Primo quidem, quia homo ordinatur ad Deum sicut ad quendam finem qui comprehensionem rationis excedit, secundum illud Isaiae LXIV, oculus non vidit Deus absque te, quae praeparasti diligentibus te. Finem autem oportet esse praecognitum hominibus, qui suas intentiones et actiones debent ordinare in finem. Unde necessarium fuit homini ad salutem, quod ei nota fierent quaedam per revelationem divinam, quae rationem humanam excedunt.
First, indeed, because man is directed to God, as to an end that surpasses the grasp of his reason: The eye hath not seen, O God, besides Thee, what things Thou hast prepared for them that love Thee (Isa 64:4). But the end must first be known by men who are to direct their thoughts and actions to the end. Hence it was necessary for the salvation of man that certain truths which exceed human reason should be made known to him by divine revelation.
Ad ea etiam quae de Deo ratione humana investigari possunt, necessarium fuit hominem instrui revelatione divina. Quia veritas de Deo, per rationem investigata, a paucis, et per longum tempus, et cum admixtione multorum errorum, homini proveniret, a cuius tamen veritatis cognitione dependet tota hominis salus, quae in Deo est. Ut igitur salus hominibus et convenientius et certius proveniat, necessarium fuit quod de divinis per divinam revelationem instruantur.
Even as regards those truths about God which human reason could have discovered, it was necessary that man should be taught by a divine revelation; because the truth about God such as reason could discover, would only be known by a few, and that after a long time, and with the admixture of many errors. Whereas man’s whole salvation, which is in God, depends upon the knowledge of this truth. Therefore, in order that the salvation of men might be brought about more fitly and more surely, it was necessary that they should be taught divine truths by divine revelation.
Necessarium igitur fuit, praeter philosophicas disciplinas, quae per rationem investigantur, sacram doctrinam per revelationem haberi.
It was therefore necessary that besides philosophical science built up by reason, there should be a sacred science learned through revelation.
Ad primum ergo dicendum quod, licet ea quae sunt altiora hominis cognitione, non sint ab homine per rationem inquirenda, sunt tamen, a Deo revelata, suscipienda per fidem. Unde et ibidem subditur, plurima supra sensum hominum ostensa sunt tibi. Et in huiusmodi sacra doctrina consistit.
Reply Obj. 1: Although those things which are beyond man’s knowledge may not be sought for by man through his reason, nevertheless, once they are revealed by God, they must be accepted by faith. Hence the sacred text continues, For many things are shown to thee above the understanding of man (Eccl 3:25). And in this, the sacred science consists.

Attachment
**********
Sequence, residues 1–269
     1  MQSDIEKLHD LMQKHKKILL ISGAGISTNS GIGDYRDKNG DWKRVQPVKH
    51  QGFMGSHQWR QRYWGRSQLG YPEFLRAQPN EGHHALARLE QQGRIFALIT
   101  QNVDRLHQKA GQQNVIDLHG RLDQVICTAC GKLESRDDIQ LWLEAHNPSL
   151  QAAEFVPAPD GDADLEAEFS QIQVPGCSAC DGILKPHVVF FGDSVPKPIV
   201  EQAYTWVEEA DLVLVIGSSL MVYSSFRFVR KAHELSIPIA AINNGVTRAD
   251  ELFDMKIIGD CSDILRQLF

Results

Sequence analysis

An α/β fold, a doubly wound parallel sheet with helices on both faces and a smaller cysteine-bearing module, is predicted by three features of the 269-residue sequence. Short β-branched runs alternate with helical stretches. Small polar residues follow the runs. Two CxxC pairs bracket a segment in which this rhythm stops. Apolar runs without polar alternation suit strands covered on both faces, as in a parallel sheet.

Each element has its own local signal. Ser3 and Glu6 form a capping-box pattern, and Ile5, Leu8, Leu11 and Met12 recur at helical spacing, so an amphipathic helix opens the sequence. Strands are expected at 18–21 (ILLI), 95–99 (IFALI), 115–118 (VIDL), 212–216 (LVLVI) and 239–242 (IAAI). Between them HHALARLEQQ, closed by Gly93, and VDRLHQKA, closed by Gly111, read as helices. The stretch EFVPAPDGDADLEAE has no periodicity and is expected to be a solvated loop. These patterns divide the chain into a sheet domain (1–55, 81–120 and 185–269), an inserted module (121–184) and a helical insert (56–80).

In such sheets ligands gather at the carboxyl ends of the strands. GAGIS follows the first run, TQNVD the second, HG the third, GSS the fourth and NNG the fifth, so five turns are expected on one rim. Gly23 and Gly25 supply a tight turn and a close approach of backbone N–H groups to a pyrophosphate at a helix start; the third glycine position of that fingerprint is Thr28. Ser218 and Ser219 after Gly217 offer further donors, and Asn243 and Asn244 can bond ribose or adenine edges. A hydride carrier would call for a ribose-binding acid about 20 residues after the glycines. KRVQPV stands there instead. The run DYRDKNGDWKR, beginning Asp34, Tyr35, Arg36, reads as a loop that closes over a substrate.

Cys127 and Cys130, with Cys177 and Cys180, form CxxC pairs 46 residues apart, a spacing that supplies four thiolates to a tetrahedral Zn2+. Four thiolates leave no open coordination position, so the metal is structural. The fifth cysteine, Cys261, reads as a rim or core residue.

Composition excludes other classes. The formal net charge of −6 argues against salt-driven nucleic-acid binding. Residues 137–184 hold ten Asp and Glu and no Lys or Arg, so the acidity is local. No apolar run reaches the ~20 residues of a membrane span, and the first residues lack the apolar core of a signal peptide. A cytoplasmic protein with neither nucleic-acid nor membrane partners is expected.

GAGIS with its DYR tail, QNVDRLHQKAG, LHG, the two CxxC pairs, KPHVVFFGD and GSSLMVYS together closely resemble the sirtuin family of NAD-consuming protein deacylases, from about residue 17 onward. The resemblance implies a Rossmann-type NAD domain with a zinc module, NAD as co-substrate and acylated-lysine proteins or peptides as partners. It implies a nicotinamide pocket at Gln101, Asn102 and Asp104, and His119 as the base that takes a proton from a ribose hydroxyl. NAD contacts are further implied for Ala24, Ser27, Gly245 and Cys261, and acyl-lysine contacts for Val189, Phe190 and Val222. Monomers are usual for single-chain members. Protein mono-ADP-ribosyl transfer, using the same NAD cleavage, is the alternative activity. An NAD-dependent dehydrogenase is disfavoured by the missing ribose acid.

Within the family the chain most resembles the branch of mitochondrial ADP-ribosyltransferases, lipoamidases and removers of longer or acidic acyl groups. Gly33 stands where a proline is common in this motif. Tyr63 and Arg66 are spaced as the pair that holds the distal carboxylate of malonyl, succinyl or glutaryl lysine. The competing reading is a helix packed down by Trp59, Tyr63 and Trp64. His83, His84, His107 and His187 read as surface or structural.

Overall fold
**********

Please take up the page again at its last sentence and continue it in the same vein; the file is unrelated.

Ad secundum dicendum quod diversa ratio cognoscibilis diversitatem scientiarum inducit. Eandem enim conclusionem demonstrat astrologus et naturalis, puta quod terra est rotunda, sed astrologus per medium mathematicum, idest a materia abstractum; naturalis autem per medium circa materiam consideratum. Unde nihil prohibet de eisdem rebus, de quibus philosophicae disciplinae tractant secundum quod sunt cognoscibilia lumine naturalis rationis, et aliam scientiam tractare secundum quod cognoscuntur lumine divinae revelationis. Unde theologia quae ad sacram doctrinam pertinet, differt secundum genus ab illa theologia quae pars philosophiae ponitur.
Reply Obj. 2: Sciences are differentiated according to the different ways that things are knowable. For the astronomer and the physicist both may prove the same conclusion, for instance that the earth is round: the astronomer by means of mathematics, i.e., abstracting from matter, and the physicist by means of matter itself. Hence nothing prevents those things which may be learned from the philosophical disciplines, so far as they can be known by the light of natural reason, from being considered by another science according as they are known by the light of divine revelation. Hence theology included in sacred doctrine differs in kind from that theology which is part of philosophy.
Utrum sacra doctrina sit scientia
Whether sacred doctrine is a science?
Ad secundum sic proceditur. Videtur quod sacra doctrina non sit scientia. Omnis enim scientia procedit ex principiis per se notis. Sed sacra doctrina procedit ex articulis fidei, qui non sunt per se noti, cum non ab omnibus concedantur, non enim omnium est fides, ut dicitur II Thessalon. III. Non igitur sacra doctrina est scientia.
Objection 1: It seems that sacred doctrine is not a science. For every science proceeds from self-evident principles. But sacred doctrine proceeds from articles of faith which are not self-evident, since their truth is not admitted by all: For all men have not faith (2 Thess 3:2). Therefore sacred doctrine is not a science.
Praeterea, scientia non est singularium. Sed sacra doctrina tractat de singularibus, puta de gestis Abrahae, Isaac et Iacob, et similibus. Ergo sacra doctrina non est scientia.
Obj. 2: Further, no science deals with individual facts. But this sacred science treats of individual facts, such as the deeds of Abraham, Isaac and Jacob and such like. Therefore sacred doctrine is not a science.
Sed contra est quod Augustinus dicit, XIV de Trinitate, huic scientiae attribuitur illud tantummodo quo fides saluberrima gignitur, nutritur, defenditur, roboratur. Hoc autem ad nullam scientiam pertinet nisi ad sacram doctrinam. Ergo sacra doctrina est scientia.
On the contrary, Augustine says (De Trin. xiv, 1) to this science alone belongs that whereby saving faith is begotten, nourished, protected and strengthened. But this can be said of no science except sacred doctrine. Therefore sacred doctrine is a science.
Respondeo dicendum sacram doctrinam esse scientiam. Sed sciendum est quod duplex est scientiarum genus. Quaedam enim sunt, quae procedunt ex principiis notis lumine naturali intellectus, sicut arithmetica, geometria, et huiusmodi. Quaedam vero sunt, quae procedunt ex principiis notis lumine superioris scientiae, sicut perspectiva procedit ex principiis notificatis per geometriam, et musica ex principiis per arithmeticam notis. Et hoc modo sacra doctrina est scientia, quia procedit ex principiis notis lumine superioris scientiae, quae scilicet est scientia Dei et beatorum. Unde sicut musica credit principia tradita sibi ab arithmetico, ita doctrina sacra credit principia revelata sibi a Deo.